Shane Greer ponders whether Gordon Brown may have been the target of the Boeing 777 which crash landed at Heathrow today. Considering the dour one's ability to drain the life force from anyone within a two mile radius through force of personality, I'd have thought that the CAA might list the presence of the Prime Minister as one of the potential causes.
Seriously though, for a vehicle the size of a modern commercial aircraft to suffer what sounds like such a complete systems failure and for the passengers and crew to walk away with only a handful of minor injuries is a great testimony to the skill of the pilot who flew it and of the engineers who designed it. To transition from a run of the mill, doubtlessly computer assisted approach to a seat of the pants recovery from potential disaster at the end of a long flight shows just why the training is so rigorous.
Naturally though there are always those who emerge from such near disasters with less credit. To be fair Brown's PR team did not whisk their man to the other end of the runway to help grateful survivors down the escape slide, however the greenies seem to have scented blood, or at least aviation fuel.
News 24 has had a delightful interview with someone from the 'Green Sky Alliance' or some such set of progress hating goons. Apparently, today's near disaster is a death knell for the prospects of there being a new runway at Heathrow, as the more flights there are, the more accidents there shall be also. Naturally this is almost certainly true, but also completely irrelevant to the case for or against a new runway at Heathrow, so as long as there is no proof of a likely increase in the relative rate or severity of incidents, a case the spokesman didn't even attempt to make.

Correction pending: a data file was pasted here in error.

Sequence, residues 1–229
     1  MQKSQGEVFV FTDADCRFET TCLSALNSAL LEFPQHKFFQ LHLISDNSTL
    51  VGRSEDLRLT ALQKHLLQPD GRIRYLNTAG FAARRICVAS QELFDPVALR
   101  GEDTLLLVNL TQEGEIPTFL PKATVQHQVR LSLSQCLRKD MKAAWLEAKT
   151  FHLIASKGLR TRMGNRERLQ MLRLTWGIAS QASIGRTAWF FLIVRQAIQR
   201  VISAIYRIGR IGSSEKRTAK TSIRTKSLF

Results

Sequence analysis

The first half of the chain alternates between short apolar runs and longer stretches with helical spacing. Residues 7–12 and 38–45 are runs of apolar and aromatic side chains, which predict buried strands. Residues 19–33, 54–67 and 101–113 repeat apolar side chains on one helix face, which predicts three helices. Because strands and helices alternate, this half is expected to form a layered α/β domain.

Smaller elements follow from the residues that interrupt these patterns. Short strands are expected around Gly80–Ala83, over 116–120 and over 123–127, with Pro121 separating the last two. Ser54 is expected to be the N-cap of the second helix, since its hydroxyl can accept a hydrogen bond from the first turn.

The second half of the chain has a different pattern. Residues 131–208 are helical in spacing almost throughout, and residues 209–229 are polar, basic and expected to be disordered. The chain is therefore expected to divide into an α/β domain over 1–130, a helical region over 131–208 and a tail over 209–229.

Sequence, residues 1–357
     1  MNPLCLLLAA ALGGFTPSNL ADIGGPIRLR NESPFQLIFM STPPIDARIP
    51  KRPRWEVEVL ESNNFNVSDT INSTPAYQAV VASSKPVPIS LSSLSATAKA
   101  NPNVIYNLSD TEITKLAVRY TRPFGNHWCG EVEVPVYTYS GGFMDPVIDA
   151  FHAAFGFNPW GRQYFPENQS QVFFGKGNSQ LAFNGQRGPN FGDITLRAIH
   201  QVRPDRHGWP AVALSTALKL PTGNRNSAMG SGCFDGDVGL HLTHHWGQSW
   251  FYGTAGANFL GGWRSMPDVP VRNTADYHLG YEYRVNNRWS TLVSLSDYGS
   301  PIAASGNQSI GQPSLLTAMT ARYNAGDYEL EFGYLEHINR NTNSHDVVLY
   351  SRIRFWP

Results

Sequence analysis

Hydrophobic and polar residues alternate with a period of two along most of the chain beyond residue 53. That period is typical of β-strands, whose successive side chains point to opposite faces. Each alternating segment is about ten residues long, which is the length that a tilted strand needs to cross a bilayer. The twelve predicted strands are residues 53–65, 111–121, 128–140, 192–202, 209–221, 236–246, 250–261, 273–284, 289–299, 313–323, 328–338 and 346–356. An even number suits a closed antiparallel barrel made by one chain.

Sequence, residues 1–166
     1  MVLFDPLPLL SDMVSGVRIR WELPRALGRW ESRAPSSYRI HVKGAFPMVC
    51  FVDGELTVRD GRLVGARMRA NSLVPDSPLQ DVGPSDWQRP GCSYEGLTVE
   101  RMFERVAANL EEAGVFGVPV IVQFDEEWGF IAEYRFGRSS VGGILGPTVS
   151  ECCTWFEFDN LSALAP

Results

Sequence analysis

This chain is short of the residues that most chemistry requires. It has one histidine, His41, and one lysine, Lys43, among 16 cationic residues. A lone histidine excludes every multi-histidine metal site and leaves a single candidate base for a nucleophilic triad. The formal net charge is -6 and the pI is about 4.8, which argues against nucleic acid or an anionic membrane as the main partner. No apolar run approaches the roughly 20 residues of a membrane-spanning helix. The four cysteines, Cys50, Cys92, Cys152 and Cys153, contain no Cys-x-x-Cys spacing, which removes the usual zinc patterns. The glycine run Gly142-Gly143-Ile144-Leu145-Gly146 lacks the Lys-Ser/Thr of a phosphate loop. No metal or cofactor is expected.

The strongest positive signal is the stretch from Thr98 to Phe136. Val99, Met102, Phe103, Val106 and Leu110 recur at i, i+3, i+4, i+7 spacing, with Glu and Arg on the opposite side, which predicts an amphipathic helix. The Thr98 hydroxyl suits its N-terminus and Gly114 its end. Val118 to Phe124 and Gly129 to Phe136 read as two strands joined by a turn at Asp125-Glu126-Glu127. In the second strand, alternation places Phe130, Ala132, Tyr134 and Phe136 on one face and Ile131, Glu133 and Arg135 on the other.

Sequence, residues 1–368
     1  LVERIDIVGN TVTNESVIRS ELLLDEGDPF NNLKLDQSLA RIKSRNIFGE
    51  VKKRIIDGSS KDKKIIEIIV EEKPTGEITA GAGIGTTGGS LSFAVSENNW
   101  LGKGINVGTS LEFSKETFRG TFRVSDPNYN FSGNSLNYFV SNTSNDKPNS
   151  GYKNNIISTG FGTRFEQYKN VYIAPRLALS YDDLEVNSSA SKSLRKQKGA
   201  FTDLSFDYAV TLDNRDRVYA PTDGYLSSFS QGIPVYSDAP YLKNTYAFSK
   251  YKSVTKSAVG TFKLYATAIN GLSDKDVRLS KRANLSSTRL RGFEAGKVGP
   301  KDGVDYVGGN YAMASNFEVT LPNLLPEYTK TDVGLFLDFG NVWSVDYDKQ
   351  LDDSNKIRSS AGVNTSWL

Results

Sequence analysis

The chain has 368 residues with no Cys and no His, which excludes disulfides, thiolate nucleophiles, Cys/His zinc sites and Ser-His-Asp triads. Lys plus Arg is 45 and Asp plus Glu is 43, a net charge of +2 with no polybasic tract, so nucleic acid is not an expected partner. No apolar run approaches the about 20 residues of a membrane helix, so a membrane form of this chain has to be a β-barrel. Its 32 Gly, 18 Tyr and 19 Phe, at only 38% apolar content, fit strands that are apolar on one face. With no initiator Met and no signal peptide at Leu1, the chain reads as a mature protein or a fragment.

More remarkable was the spokesman's claim along the lines that 'aircraft are as safe as they ever will be'. Like many such dubious claims from the environmental lobby it is easy to accurately restate their proposition to prove it's absurdity; try 'There will never be any further progress in aircraft safety' for example, it's not exactly a proposition I'd put much money on.
I suspect the beneficial crisis rapid response unit of the EU will also be up to full speed by now looking for some tenuous European angle to demand further transfers of powers from the CAA to the EASA despite the regular criticisms of the latter's questionable performance.
Watch this space.
PS Apologies for the lack of posting for the last week, real work and real beer and an irritating technical problem have got in the way, as has a bout of 'Hain Fatigue' - kicking dog's when they are down gets a bit boring even with NuLab mongrels.